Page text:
Tom Hanks To Restart The LHC
Movie star gets to flip the switch of the world's largest particle colliders later this year.http://gear.ign.com/articles/955/955055p1.html
Man, it feels like the Large Hadron Collider (LHC) is becoming the Lindsay Lohan of the science world. Every week we see a new photo and story of how this thing is a complete train wreck and needs to be checked into whatever the super machine equivalent of rehab is. It's probably just a matter of time before a LHC sex tape or nipple-slip photo start to make their rounds on the Internet. Additional attention was granted for this potential end of the world device when it was announced this week that Tom Hanks will be the lucky guy to turn on the LHC when repairs are completed. Publicity stunt, or just bait for the first black hole this thing generates? You decide.
The star was approached with the opportunity while filming his latest movie Angels and Demons, the follow-up to The DaVinci Code. After being given a tour of the underground 17-mile facility where the LHC is housed, CERN's head of communications, James Gillies, asked the actor if he would like to return in June to switch the machine back on, to which Hanks replied: "Houston we have a problem." Powerful, powerful stuff.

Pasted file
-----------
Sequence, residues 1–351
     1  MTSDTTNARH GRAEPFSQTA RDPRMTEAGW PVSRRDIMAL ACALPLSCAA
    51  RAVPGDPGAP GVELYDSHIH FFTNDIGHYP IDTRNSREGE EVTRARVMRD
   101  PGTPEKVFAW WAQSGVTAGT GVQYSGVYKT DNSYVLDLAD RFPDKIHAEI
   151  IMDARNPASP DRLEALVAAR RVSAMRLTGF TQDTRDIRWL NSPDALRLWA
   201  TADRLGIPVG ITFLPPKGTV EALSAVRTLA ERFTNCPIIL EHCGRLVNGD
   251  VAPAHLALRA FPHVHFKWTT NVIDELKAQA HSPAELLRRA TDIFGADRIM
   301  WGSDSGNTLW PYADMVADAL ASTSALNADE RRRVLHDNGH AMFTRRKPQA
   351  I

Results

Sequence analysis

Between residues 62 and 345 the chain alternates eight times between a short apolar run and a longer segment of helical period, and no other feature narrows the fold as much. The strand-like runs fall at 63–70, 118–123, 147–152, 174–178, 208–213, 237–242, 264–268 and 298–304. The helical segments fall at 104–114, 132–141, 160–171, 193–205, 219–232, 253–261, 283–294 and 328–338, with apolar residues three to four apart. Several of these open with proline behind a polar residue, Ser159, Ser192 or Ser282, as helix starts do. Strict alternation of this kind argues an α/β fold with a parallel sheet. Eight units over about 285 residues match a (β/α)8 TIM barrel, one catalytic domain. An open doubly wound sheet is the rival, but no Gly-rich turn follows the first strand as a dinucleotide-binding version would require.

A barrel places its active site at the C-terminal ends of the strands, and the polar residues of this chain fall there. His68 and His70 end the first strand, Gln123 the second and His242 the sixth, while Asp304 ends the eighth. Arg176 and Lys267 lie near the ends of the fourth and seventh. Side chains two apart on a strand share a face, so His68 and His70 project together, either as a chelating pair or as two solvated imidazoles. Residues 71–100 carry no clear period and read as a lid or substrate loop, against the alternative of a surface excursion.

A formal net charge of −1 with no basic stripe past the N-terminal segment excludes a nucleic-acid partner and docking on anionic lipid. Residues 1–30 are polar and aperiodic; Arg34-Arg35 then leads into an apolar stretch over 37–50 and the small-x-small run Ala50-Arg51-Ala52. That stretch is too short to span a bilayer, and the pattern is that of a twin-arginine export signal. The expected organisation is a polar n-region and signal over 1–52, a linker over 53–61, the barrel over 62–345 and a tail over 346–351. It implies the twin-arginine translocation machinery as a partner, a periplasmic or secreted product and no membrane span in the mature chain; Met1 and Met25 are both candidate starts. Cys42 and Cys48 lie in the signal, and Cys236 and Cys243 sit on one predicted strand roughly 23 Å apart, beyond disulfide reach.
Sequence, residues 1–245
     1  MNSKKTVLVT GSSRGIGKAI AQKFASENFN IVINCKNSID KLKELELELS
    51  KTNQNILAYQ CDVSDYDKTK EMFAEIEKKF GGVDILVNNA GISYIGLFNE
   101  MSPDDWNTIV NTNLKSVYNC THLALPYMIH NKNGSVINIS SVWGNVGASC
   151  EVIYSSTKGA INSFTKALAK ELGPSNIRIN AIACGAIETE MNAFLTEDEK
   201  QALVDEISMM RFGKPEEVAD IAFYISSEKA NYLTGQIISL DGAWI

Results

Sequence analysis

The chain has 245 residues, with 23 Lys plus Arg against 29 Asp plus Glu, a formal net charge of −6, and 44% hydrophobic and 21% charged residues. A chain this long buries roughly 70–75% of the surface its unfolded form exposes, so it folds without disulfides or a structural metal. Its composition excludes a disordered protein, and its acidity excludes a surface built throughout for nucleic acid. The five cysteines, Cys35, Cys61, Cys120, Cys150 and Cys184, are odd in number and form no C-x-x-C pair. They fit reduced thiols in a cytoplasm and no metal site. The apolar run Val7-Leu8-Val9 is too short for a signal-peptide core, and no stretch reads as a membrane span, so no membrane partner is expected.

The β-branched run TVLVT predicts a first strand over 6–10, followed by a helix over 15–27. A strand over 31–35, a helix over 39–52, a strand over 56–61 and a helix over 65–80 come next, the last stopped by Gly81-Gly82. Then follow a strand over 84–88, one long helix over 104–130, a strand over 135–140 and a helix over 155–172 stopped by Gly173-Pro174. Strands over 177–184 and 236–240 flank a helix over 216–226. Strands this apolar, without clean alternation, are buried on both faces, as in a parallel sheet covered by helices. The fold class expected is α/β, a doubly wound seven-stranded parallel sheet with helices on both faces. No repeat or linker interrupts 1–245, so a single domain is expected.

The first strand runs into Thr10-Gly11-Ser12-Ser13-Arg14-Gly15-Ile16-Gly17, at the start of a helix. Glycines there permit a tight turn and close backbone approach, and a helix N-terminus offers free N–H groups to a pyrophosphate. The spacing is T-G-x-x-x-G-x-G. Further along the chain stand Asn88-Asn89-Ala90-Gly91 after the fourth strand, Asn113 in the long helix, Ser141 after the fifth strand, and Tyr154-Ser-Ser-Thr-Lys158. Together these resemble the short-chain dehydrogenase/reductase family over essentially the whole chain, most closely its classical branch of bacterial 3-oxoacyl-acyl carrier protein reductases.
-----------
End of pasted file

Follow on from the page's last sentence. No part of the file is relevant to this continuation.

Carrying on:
As for the LHC, which Hanks requested be affectionately renamed to "Jenny", the device designed to simulate the Big Bang is in the process of undergoing more than ?20 million in repairs right now, including the replacement of 53 magnets. Once restored to full power, researchers hope to use the machine to answer some big questions, such as what causes mass and whether or not hidden dimensions exist in space.
And so concludes yet another piece on the LHC, the big lug. With the restart date still months away, it probably won't be the last story we run either. As for Tom Hanks, we envision a scenario where after he switches on the LHC he is immediately shot by a Nazi soldier, crawls over the LHC operation panel, puts one hand on it and says: "Earn this." Cut to a scene 80 years in the future to a gray haired LHC machine looking back on its life, fade to black, roll credits.